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The Legal Corner - John Hagan, Hagan Law Group

March 2023


One thing most people overlook is that legal employment discrimination occurs every day.  When you promote a high performer for a job well done, you are technically, discriminating against lower performers.  This discrimination is legal, however, because the promotion - and consequent lack of promotions for the other employees - is based upon superior performance.  Superior performance is not a protected category under any federal, state or local law I know of.


Illegal discrimination, on the other hand, occurs when one employee is treated less favorably than another employee based upon the employees’ protected category or protected conduct.  But before the employee who thinks she has been discriminated against, she must prove that the other employee, who is a similarly situated comparator, was treated more favorably based upon his protected category or conduct. 

It can be very difficult to establish who is a good comparator to the employee who feels discriminated against. Eric Kelley, an African American who was a delivery driver for United Parcel Service (UPS), felt he had been discriminated against.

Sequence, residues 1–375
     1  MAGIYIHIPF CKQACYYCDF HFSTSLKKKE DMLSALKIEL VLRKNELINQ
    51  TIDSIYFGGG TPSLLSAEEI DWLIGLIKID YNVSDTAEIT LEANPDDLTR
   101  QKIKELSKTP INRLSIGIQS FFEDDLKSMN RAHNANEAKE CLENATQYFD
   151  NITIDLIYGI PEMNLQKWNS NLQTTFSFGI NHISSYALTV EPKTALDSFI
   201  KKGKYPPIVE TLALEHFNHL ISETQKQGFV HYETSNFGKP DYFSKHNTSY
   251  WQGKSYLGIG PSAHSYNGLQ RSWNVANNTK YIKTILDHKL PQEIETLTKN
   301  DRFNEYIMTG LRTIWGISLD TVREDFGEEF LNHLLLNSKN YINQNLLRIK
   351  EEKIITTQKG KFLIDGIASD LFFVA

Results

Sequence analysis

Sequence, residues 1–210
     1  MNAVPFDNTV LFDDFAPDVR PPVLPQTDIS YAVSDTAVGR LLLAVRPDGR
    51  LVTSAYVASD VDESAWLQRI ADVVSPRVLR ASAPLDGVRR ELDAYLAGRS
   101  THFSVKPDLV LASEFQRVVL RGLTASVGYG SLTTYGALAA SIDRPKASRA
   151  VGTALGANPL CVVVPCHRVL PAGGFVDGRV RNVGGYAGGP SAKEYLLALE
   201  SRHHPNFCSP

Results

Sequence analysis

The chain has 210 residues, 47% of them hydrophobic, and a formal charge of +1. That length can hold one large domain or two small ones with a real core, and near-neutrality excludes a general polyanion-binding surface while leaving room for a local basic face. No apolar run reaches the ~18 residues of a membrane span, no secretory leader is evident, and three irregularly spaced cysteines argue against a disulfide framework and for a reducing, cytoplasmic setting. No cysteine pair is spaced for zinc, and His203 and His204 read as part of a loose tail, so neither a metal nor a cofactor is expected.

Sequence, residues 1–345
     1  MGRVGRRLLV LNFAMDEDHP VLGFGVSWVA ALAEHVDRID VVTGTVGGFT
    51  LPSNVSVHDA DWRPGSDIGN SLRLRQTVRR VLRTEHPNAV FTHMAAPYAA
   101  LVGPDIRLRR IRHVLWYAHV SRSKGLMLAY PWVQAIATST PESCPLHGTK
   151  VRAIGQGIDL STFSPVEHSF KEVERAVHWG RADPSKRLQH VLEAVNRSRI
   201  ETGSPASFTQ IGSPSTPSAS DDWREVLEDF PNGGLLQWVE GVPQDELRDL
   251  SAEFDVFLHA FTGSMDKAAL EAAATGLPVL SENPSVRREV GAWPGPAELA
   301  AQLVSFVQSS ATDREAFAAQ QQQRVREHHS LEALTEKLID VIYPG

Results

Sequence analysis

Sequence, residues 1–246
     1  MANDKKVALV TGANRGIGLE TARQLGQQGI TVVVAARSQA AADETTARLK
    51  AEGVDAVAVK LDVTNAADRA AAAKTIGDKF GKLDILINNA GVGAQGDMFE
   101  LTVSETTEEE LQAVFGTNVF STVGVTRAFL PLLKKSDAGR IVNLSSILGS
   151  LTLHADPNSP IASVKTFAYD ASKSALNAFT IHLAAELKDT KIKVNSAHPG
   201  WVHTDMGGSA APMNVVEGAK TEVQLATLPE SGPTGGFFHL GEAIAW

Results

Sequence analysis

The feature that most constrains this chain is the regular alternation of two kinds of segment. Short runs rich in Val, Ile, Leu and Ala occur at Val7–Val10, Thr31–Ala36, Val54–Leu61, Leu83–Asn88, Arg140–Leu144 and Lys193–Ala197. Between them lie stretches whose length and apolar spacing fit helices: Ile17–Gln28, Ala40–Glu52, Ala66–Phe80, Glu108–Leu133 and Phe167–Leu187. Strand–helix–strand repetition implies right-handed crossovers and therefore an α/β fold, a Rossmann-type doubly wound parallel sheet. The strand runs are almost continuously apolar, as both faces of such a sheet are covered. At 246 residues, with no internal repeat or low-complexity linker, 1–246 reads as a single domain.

After a long day, Kelley's supervisor assigned him one more delivery.  The UPS facility had already closed and so Kelley had to wait outside for the package to be delivered so that he could deliver it to the end recipient.  Kelley complained because he did not think it was safe to wait outside of the facility, and so his supervisor fired him for insubordination.  The supervisor then sought volunteers to do the shuttle run.  A Caucasian driver turned down the assignment and was not fired.

Kelley sued UPS for illegally discriminating against him when it fired him for refusing to do the shuttle run but not firing the Caucasian driver.  Kelley lost the lawsuit because Kelley could not prove that the Caucasian driver was similarly situated to him.  Therefore, there was no comparator, which meant there was no basis for a lawsuit. 

The court wrote that a valid comparator had to be “similar in all relevant respects,” including dealing with the same supervisor, being subject to the same standards, and engaging in the same conduct without any differentiating or mitigating circumstances.  The Court found that Kelley and the Caucasian drive were not valid comparators because they did not engage in the same conduct.  Kelley was given an assignment that he refused, so he was fired for insubordination.  The Caucasian driver was offered a voluntary opportunity to do additional work and he turned it down.  Rejecting a voluntary opportunity is entirely different from refusing an assignment.

If you are considering making an employment decision that subjects employees to different outcomes for apparently similar conduct, stop and think about whether those employees are comparators to themselves.  Are they similarly situated?  Do they fall into different protected categories, or have some of them engaged in protected conduct while others have not?  Lots to consider, but hey, that is why you get the big bucks! 

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